How Replacement Addiction Can Complicate Recovery

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March 02, 2017

It is a phenomenon addiction professionals and people in recovery are well familiar with: replacement addiction, also known as addiction interaction.
“Everyone who has battled an addiction understands the concept,” Jeanene Swanson wrote on The Fix. “You go from smoking to eating; from drinking to shopping; from sex to chocolate to working. You’re substituting one addiction for another in an attempt to compensate for a perceived ‘lack’—emotionally or psychologically.”
People suffering from the disease of addiction can easily switch from one substance or behavior to another. In most cases, they do not crave the actual substance but rather the emotional relief provided by the substance or behavior.
“It has to do with the chemistry of addiction,” says Philip Hemphill, Ph.D., LCSW, chief clinical officer of Lakeview Health. Addictive substances interact with the dopamine-based motivation system of the brain. “It is a more primal part of the brain that is responsible for instinctual behavior and emotional responses,” explains Hemphill. “Recovery can only begin when the executive part of the brain—the prefrontal cortex—starts to control those impulses, and that requires an extended period of time.”
As one addictive process fades in early recovery, the propensity to develop another is elevated. While the reward system is weaned off one addictive substance or behavior, it can easily be replaced with another, more acceptable one. If the underlying reasons for the addiction are not addressed, the recovery will be in jeopardy.
“About 70 percent of Lakeview patients present with co-occurring disorders,” says Dr Hemphill. “Those are not necessarily additional addictions but could be mood or anxiety disorders. These conditions are prevalent in the addiction population in general.”
Since addressing those co-occurring conditions is crucial for a successful recovery, all Lakeview patients are carefully assessed to determine their individual needs. “We’re looking for traumatic episodes, sexual abuse, eating disorders, and chronic pain, among other things,” says Hemphill. “All of these could also be a factor in case of replacement addictions.”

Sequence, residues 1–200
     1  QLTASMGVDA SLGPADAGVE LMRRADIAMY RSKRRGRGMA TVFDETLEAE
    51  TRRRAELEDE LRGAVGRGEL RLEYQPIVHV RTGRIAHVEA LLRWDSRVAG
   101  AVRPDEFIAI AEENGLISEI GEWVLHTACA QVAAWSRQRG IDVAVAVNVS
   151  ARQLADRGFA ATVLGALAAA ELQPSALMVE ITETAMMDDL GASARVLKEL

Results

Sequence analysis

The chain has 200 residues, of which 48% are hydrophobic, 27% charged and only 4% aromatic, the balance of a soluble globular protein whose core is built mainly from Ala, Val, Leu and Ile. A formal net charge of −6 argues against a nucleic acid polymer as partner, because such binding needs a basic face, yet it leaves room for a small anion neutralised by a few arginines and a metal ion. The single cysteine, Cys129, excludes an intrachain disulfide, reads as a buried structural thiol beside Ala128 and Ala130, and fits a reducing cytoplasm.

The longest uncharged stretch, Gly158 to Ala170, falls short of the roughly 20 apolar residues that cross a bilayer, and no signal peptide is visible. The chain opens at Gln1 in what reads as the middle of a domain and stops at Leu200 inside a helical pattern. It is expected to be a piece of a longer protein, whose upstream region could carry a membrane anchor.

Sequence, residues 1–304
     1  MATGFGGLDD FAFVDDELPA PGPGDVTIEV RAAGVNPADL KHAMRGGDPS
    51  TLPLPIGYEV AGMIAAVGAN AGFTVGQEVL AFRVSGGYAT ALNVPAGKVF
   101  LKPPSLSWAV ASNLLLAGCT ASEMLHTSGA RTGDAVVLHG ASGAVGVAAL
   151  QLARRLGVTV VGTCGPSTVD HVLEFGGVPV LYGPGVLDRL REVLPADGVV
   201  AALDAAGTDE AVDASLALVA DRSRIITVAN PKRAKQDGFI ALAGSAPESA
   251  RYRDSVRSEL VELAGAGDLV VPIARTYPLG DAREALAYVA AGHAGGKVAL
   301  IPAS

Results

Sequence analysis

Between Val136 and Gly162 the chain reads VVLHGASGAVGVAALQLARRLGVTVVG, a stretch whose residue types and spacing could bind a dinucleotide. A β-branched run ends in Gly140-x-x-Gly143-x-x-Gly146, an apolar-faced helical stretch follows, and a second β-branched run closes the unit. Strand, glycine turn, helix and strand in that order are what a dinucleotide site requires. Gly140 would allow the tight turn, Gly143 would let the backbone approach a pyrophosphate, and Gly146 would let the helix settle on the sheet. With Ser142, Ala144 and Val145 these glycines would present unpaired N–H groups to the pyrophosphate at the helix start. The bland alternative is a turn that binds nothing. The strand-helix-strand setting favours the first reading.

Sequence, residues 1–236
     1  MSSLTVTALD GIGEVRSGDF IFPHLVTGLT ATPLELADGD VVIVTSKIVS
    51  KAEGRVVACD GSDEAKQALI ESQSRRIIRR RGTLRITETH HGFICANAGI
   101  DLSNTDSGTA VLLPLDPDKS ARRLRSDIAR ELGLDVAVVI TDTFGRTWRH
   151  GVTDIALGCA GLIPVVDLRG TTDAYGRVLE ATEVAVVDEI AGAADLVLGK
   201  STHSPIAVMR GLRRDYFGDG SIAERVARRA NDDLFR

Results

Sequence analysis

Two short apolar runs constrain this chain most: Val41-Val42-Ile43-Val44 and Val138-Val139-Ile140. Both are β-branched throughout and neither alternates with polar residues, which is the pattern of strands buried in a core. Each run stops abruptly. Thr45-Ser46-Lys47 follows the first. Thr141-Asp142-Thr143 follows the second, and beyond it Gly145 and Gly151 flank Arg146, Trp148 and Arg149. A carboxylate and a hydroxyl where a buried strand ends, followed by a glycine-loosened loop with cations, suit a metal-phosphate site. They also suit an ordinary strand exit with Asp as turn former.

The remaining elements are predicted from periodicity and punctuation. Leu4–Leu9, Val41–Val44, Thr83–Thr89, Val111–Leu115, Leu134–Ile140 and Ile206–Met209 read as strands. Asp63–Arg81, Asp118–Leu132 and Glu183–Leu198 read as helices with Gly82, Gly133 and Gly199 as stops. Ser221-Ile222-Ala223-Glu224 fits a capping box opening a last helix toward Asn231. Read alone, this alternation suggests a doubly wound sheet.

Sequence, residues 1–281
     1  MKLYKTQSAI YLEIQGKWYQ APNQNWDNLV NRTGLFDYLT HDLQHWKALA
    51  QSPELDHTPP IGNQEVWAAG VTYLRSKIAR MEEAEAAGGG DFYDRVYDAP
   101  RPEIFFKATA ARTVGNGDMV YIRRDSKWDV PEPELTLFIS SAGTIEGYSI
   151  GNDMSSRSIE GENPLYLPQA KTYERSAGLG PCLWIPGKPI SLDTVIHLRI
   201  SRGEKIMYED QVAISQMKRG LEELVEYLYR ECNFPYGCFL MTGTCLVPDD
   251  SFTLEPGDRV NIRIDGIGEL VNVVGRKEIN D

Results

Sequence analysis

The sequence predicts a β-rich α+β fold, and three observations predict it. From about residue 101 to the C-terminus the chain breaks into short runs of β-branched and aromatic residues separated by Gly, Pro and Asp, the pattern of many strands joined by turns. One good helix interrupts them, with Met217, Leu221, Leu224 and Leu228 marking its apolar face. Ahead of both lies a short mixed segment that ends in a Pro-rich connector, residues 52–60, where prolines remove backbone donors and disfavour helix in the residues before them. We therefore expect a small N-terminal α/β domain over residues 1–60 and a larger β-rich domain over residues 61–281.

The prevalence of co-occurring conditions and the risk of substitute addictions underline the importance of professional, evidence-based intervention. The medical team at Lakeview can determine whether there is a mood disorder covered up by substance misuse and utilize appropriate medications such as antidepressants and painkillers if those are indicated.
Patients at Lakeview are also divided into gender-responsive primary groups and teams, which means that men and women are in completely separate programs. This helps prevent sexual distractions and keeps the focus on recovery.
Inappropriate sexual relationships are among the more common replacement addictions. Often, acting out sexually already coexisted with a chemical addiction, and can seriously interfere with the addiction treatment.
The Lakeview team quickly saw positive results after implementing its gender-specific program in June 2016. “Women are more prepared to talk about their trauma in an all-female environment,” says Dr. Hemphill. “They are much more likely to report domestic violence and share parenting issues, and they are more likely to stay longer in treatment. In the men’s program, there’s less aggression now. They are also more eager to open up and share their feelings instead of sitting back and letting the females do the talking.”
Another common replacement activity is excessive physical exercise. Some patients start spending hours in the gym or start running lots of long distances races.
It is much healthier than misusing drugs and alcohol but has its own dangers if it becomes compulsive behavior. “No addiction is really harmless,” warns Dr. Hemphill. “If a replacement activity interferes too much with a person’s life, if it takes them away from their responsibilities and their social activities, it’s a problem.”
The aim of residential treatment at Lakeview is a full body–mind–spirit recalibration of a person’s life. The cessation of substance use is only one aspect of that, and substitute addictions indicate that the full reset has not been achieved and that the recovery needs further stabilization.

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